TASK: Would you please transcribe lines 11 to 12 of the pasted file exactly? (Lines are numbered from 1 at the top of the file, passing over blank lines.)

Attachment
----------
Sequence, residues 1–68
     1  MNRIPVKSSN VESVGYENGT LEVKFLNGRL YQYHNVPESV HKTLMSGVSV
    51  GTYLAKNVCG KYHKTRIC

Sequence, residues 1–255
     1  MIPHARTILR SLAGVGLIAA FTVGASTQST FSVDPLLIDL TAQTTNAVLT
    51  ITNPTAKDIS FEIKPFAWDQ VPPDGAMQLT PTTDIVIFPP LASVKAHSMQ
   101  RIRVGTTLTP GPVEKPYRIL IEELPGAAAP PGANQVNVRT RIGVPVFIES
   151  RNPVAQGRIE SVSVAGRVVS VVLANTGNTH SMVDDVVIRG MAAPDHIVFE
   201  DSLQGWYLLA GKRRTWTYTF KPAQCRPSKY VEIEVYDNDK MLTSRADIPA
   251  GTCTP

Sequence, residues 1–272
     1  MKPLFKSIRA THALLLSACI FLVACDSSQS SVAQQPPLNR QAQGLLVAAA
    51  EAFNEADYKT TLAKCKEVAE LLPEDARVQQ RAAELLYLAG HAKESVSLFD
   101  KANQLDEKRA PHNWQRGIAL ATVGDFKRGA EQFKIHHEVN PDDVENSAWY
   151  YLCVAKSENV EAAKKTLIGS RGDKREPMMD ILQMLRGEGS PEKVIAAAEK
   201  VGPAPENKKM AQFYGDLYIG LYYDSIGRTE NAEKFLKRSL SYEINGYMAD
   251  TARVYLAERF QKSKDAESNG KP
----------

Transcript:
Sequence, residues 1–272
     1  MKPLFKSIRA THALLLSACI FLVACDSSQS SVAQQPPLNR QAQGLLVAAA